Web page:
How a daily Zoom dance party keeps this Toronto mom from losing it in lockdown

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“After dancing, the world looks brighter to me”: How a daily Zoom dance party keeps this Toronto mom from losing it in lockdown

Rebekah Blok, a mom who works in the environmental protection field, was overwhelmed by the competing demands of home and work during quarantine. The solution? A daily morning dance party on Zoom where she could shake out all her stress.

As told to Isabel B. Slone

“Around three years ago, I started attending a weekly barefoot dance night at Dovercourt House called the Move, where 100 people would take off their shoes and dance in a non-judgmental space. It was very much a dance-like-no-one’s-watching kind of atmosphere. Some people sat on a bench and swayed their bodies, while others skipped, leapt and flew around the room. Some people shook like they’d been possessed by spirits. It was all about having the freedom to be yourself and move your body how you wanted.

“I started going tentatively at first. Then I gained more confidence in my movements and began going every week until it was an essential part of my life. I have two small children, ages 10 and four, and I spend lots of time running after them. I also work as a risk-assessment coordinator in the environmental protection field. I’ve worked so hard to try and find balance in my life, and the dance party was a huge part of that. It was my happy place. 

“When Covid hit, it felt like everything was falling apart. I’m an introvert, and I enjoy life most when I have significant time alone, away from my family. But during quarantine, it was challenging to carve out time for solitude and rest when the house was always full of people—especially little people who wanted something from me. My husband and I were both working from home (he’s a psychotherapist), so early on we created a schedule that allowed us to be on- and off-duty with the kids. I remember thinking to myself, ‘I’m not going to let this take me out.’

“In March, a DJ from Dovercourt House invited me to a 45-minute Zoom dance event called Rise and Shine Shake, which takes place every weekday at 9 a.m. I’d gone to a few virtual dance events and found them too anonymous. But this event clicked for me: it was inspiring and infectious to see everyone dancing through my screen. It became a regular part of my routine. Usually, I’d dance in my living room; in the summer, I’d put on headphones, stick my phone in my pocket and go dance in the backyard. Sometimes my kids even joined me.

“Every dance party starts with a warm-up set to low-tempo, ambient music; the DJ might invite you to shake your way through your body, starting at your head and moving all the way down to your feet. Then the music builds and everyone is able to move at their own pace. The DJs play world music, disco, oldies—the only requirement is: can you shake to it? Some of the crowd-pleasers have been Great Big Sea’s ‘End of the World,’ Tracy Chapman’s ‘Talkin’ ‘Bout a Revolution’ and Katy Perry’s ‘Roar.’

“Some people are jamming and jumping. Others sit in their chairs and jiggle. Sometimes I’ve got big energy and other times I get in touch with my feelings. There have been a few occasions where I’ve actually cried—the movement in my body seems to shake the tears loose. I’ve cried from loneliness after hearing a song lyric about being touched. I’ve cried about racism and division in the wake of George Floyd’s murder.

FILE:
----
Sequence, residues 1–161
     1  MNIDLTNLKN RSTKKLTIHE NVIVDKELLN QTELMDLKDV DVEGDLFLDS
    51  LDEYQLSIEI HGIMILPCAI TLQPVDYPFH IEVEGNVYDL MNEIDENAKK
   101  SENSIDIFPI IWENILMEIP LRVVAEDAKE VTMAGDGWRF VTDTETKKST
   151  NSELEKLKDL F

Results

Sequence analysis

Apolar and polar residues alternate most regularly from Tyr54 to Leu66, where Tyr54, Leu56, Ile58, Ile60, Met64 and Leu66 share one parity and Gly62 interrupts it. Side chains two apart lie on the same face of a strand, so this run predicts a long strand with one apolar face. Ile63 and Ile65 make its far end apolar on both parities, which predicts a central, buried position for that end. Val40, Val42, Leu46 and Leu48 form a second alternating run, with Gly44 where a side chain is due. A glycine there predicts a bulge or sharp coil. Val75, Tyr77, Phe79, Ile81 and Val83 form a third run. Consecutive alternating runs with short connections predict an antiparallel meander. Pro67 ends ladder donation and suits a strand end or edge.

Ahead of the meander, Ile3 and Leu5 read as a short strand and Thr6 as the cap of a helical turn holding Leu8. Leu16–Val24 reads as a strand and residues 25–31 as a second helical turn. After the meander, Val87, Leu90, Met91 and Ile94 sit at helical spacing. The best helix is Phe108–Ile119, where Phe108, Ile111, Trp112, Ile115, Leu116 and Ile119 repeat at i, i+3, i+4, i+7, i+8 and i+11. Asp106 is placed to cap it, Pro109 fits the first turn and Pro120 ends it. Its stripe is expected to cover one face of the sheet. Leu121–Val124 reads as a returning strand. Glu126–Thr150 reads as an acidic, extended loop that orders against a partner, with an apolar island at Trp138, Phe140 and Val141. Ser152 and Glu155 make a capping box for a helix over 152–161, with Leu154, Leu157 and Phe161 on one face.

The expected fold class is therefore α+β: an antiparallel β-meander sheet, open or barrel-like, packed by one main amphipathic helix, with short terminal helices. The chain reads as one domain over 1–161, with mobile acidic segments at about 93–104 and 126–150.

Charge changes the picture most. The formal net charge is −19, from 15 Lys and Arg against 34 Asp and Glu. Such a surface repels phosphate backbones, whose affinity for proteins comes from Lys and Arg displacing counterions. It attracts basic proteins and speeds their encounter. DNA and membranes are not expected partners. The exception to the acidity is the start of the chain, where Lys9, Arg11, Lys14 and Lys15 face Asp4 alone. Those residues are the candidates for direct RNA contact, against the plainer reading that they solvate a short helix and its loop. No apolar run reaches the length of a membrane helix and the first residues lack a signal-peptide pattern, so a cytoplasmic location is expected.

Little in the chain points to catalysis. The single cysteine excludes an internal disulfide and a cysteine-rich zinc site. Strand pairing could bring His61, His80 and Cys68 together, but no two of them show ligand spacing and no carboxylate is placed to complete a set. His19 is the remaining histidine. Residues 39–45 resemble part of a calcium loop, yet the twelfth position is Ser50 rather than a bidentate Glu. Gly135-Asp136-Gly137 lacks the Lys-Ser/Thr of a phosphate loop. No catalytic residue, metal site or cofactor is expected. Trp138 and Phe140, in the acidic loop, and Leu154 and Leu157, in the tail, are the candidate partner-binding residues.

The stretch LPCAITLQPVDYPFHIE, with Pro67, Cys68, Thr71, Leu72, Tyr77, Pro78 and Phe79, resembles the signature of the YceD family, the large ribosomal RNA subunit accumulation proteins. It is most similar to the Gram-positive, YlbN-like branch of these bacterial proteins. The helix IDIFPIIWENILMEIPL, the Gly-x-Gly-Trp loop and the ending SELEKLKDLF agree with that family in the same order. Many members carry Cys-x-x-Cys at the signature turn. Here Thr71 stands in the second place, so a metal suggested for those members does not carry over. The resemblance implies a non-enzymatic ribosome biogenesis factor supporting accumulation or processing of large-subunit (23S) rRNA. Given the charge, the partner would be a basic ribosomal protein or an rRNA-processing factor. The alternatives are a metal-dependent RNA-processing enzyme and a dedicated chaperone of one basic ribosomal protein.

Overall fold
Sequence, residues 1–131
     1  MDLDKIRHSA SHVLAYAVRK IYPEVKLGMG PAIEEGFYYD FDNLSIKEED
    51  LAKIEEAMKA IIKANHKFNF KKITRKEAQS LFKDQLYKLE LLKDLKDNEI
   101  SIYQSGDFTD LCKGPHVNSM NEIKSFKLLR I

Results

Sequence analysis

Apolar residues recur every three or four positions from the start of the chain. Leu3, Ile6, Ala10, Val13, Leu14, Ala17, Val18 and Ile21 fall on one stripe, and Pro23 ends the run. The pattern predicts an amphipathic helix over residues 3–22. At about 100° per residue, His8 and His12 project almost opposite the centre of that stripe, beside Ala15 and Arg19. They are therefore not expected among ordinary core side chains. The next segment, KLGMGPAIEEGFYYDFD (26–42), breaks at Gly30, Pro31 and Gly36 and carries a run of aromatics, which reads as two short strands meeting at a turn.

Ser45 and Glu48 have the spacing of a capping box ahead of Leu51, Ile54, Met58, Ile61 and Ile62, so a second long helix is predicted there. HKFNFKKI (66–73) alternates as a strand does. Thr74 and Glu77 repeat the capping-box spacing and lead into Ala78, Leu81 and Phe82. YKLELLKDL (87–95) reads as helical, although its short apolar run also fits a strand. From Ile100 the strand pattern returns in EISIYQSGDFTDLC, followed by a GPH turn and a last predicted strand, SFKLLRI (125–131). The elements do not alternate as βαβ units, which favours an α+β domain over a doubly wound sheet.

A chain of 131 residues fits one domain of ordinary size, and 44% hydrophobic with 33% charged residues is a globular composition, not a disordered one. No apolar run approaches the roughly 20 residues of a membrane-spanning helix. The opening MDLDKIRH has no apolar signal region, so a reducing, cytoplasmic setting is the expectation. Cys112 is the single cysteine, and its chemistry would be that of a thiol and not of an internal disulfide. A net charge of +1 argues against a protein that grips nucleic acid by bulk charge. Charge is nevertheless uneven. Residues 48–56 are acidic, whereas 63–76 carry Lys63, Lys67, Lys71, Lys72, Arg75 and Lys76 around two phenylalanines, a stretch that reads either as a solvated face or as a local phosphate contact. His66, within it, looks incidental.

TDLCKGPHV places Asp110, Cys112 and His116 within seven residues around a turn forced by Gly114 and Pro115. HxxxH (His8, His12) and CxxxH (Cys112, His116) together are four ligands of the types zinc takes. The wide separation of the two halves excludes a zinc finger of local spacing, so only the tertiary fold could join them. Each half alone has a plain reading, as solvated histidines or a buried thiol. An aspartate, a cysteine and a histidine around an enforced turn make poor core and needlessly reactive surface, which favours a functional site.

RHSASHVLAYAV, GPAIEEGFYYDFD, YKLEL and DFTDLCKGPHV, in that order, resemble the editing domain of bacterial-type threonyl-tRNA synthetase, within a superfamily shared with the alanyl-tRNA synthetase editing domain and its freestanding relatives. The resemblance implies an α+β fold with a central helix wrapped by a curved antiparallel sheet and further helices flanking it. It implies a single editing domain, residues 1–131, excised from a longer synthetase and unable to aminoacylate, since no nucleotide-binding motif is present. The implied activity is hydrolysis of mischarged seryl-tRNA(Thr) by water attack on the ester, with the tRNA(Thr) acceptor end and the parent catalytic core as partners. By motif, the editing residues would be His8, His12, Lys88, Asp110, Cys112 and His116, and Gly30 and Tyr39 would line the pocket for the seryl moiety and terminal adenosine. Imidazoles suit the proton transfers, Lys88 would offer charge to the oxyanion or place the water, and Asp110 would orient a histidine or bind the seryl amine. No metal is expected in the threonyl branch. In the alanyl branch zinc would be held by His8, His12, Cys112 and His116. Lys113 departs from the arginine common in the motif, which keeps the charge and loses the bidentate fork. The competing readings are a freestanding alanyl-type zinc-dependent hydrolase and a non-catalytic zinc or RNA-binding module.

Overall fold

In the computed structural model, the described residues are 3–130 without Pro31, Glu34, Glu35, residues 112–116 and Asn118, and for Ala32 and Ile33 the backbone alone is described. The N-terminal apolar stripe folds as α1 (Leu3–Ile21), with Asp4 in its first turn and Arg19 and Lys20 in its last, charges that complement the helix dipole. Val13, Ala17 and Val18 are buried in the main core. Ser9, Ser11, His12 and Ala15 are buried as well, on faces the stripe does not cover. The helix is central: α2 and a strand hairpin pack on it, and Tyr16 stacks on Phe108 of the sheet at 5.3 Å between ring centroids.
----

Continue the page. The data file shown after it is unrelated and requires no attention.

“I’ve gone through life trying to hold it all together and be solid for my kids. As a result, I start to hold things in without even realizing it, until I feel kind of numb and distant from everyone I love. When I shake my body, my emotions rise up to the surface. I can release the tension I’ve been holding. After I’m done crying, I feel lighter. My dancing becomes joyful. And then I can look at my kids and notice that they’re cute again.

“The dancing has a tangible impact on my mood. One recent morning, I woke up feeling protective and prickly, like I was wearing a suit of armour. When I started to dance, I was able to tune into my body. By the time I finished dancing, it felt like my armour had fallen away. I felt much lighter and was really happy to be a part of the closing circle and hear other people share their stories. 

“At the end of the 45-minute dance party, there’s a sharing session where we all check in with each other and let the group know how we’re doing. One woman had a bike accident recently and talked about how great it was to dance and move the stiffness out of her body. Recently I shared a story about a dear friend whose mental health was starting to crack, and they were leaning on me. I said I was scared and unsure how to support them. The group helped me figure out what I can give and what I can’t. Another person reached out to me afterward to make sure I was doing okay.

“As a mom, it’s important for me to have something in my life that I’m just doing for myself. It helps me teach my kids that boundaries are important. Sometimes that means going into a different room, shutting the door, and saying, ‘No one is allowed in until Mom is done dancing.’   

“I love that the dance party happens at 9 a.m., because I’m able to schedule my work day around it. My days are often spent looking through dense environmental reports or talking with consultants. I’m online every morning at 8 a.m., then I take a break to go dance, and then I’m back online by 10. When I return,  I feel more awake, juicier and more creative. The world looks brighter to me. I feel more ready to meet the day, whether that involves work or childcare or being there for my friends. This pandemic is a marathon. But taking the time to dance every day feels like hitting a reset button. I’m able to start each day fresh.”